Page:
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When “outsiders” think of Toronto, they think of a concrete jungle, with all the hustle and bustle of a big metropolis. Well, the opposite is true. In fact, Toronto proper, boasts approximately 28% of a tree canopy, that’s a whopping 10.2 million trees! If you live here, you already know how amazing our outdoor life can be, just stepping out into the fresh air. We have hundreds of parks, parkettes and green spaces – Over 1,500 to be exact. All of which are ours to discover. For the purposes of this blog, I am going to concentrate on some of the parks that we have here in Etobicoke. There are a ton of areas you can pack a picnic lunch, go for a long walk, jog or bike ride. We offer lots of places for us all to explore and if you want to do some bird watching, butterfly catching or salmon fishing, our parks have got you covered.
I have listed my top 5 picks that are some of my favourites and these by no means are in order of preference. I’d like you to make up your own mind about our Etobicoke city parks.
Located between Eglinton Ave in the north, to Rathburn Road to the South, between Centennial Road and Renforth running east / west, this massive area is Etobicoke’s High Park. It opened to the public in 1967 to celebrate Canada’s 100th birthday. The land is 525.2 acres (212.5 ha) in size and was once a dairy farm. What is now currently the ski hill, used to be a municipal dump. Anyone who wants to get active really needs to check out this amazing space. Not only does it host the Etobicoke Olympium, but it also has an arena, a stadium, a conservatory and greenhouse. There are also several sports fields, a golf course and driving range, a go-cart track, playgrounds and a wading pool. A recently installed pro-level BMX bike course was utilized for the 2015 Pan-Am Games. Centennial Park has many walking and cycling trails, a calisthenics circuit (which I did once or twice!), a ski hill, chalet and fishing pond. In the summer you can attend the Toronto Rib Fest, as well as many other events that are reserved for this wide-open green space.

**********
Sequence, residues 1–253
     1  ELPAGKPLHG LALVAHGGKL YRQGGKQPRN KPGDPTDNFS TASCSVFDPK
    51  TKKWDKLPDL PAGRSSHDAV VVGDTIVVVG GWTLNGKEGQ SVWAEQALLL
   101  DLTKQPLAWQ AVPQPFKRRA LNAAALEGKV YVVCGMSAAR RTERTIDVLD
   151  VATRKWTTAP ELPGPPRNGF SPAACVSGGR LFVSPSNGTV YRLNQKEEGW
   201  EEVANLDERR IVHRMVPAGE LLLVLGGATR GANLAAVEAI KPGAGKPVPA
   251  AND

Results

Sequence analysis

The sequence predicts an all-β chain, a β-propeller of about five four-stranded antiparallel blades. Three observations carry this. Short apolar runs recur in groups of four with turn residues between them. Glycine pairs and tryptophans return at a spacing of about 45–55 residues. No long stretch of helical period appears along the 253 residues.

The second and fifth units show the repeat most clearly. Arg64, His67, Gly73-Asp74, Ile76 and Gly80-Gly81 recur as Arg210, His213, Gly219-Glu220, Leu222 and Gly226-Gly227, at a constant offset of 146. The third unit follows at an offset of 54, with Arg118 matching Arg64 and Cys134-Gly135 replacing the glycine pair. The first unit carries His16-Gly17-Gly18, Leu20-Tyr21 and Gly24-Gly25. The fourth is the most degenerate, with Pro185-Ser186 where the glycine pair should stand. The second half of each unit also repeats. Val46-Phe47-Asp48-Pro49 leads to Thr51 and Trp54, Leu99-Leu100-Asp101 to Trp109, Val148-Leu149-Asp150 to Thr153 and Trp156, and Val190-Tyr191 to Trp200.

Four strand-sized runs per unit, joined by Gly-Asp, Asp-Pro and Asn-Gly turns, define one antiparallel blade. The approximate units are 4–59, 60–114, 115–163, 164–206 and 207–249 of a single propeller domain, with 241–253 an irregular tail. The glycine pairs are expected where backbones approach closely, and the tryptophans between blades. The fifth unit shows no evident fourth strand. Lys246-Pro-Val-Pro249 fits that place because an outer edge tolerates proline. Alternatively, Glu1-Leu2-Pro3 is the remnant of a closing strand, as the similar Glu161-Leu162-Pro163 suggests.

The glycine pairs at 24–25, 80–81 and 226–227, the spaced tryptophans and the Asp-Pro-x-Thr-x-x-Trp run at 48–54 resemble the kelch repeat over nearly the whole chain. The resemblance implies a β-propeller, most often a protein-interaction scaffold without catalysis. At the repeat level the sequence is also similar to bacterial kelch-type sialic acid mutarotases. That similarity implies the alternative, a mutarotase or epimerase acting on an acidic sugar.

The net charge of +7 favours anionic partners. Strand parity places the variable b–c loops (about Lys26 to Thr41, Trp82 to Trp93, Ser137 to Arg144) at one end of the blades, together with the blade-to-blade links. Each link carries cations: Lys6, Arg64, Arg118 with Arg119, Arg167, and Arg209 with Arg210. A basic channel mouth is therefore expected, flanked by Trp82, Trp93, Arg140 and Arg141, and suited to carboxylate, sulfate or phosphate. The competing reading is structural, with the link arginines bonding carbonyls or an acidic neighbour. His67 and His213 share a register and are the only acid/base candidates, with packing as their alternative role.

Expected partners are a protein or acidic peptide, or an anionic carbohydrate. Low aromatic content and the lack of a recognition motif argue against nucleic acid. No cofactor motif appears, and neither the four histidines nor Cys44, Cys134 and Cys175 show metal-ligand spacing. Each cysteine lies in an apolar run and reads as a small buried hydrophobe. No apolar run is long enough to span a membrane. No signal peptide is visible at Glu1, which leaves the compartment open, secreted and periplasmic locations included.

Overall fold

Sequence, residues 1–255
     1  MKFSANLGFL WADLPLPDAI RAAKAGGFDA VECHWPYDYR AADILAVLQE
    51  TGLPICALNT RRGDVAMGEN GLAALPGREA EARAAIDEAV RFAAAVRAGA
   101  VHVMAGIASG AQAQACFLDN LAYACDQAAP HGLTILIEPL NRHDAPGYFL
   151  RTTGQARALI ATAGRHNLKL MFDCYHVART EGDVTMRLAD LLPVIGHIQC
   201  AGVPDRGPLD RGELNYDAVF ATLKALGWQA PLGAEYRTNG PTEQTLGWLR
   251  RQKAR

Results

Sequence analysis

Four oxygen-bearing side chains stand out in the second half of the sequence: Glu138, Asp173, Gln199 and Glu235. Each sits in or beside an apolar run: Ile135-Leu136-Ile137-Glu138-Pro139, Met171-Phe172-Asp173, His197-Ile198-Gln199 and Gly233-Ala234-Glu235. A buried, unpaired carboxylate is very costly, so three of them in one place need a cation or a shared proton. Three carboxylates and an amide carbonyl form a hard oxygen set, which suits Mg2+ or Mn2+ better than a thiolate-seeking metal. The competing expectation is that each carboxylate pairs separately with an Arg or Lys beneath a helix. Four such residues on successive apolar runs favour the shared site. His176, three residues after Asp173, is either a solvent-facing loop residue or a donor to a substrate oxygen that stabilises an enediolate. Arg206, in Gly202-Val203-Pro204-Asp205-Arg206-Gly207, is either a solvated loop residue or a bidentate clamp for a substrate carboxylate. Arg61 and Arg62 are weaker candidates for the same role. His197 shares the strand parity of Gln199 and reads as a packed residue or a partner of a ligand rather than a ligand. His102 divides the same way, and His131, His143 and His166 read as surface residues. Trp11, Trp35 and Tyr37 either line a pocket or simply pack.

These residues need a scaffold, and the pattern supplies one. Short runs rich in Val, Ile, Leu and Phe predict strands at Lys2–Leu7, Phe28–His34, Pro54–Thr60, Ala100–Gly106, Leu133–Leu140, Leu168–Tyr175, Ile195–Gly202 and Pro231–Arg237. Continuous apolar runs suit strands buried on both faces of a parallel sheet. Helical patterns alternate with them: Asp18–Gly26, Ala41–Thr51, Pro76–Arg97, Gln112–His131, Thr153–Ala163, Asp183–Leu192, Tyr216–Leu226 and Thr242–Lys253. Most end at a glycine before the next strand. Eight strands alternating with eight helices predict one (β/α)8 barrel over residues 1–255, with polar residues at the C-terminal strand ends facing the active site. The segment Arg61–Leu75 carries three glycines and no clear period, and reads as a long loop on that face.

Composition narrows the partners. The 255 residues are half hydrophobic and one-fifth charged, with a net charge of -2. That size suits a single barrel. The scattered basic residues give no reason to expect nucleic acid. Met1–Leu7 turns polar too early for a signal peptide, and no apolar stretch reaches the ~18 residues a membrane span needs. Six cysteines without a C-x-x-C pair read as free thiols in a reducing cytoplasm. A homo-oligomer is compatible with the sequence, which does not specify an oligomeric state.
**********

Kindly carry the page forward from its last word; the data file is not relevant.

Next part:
Colonel Samuel Smith Park is a popular area for taking in a view of the City with only the sound of birds and occasionally the crashing of waves against the rocks to hear. It officially opened in 1996, but was once a weekend destination for Victorian-era Torontonians. There are rocky beaches to explore, 23 walking and cycling trails to maneuver and various quiet picnic areas to enjoy. It is a designated bird sanctuary, with many information stands to learn about our flying friends. You’ll not only get a glimpse of some of the most beautiful birds you’ve ever seen, but you may catch a turtle, sunning him or herself on a rock. If you miss out on the wildlife, you’ll be likely to see several dogs running and playing in the off-leash area of the park. Sam Smith Park, as it’s affectionately known, also has a marina and hosts many events such as amusements and artisans selling their wears in the summertime. In the winter, you can enjoy the best skating in Toronto on a man-made Figure-8 rink. This beautiful park is located at Kipling and Lakeshore, just south of Humber College’s Lakeshore campus.